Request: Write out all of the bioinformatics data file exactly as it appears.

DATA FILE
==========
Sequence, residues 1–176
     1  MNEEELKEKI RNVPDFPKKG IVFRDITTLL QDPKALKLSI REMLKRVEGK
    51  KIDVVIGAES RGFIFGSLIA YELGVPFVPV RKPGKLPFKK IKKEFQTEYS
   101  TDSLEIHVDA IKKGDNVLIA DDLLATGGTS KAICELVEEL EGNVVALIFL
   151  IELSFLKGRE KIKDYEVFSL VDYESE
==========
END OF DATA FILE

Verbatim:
Sequence, residues 1–176
     1  MNEEELKEKI RNVPDFPKKG IVFRDITTLL QDPKALKLSI REMLKRVEGK
    51  KIDVVIGAES RGFIFGSLIA YELGVPFVPV RKPGKLPFKK IKKEFQTEYS
   101  TDSLEIHVDA IKKGDNVLIA DDLLATGGTS KAICELVEEL EGNVVALIFL
   151  IELSFLKGRE KIKDYEVFSL VDYESE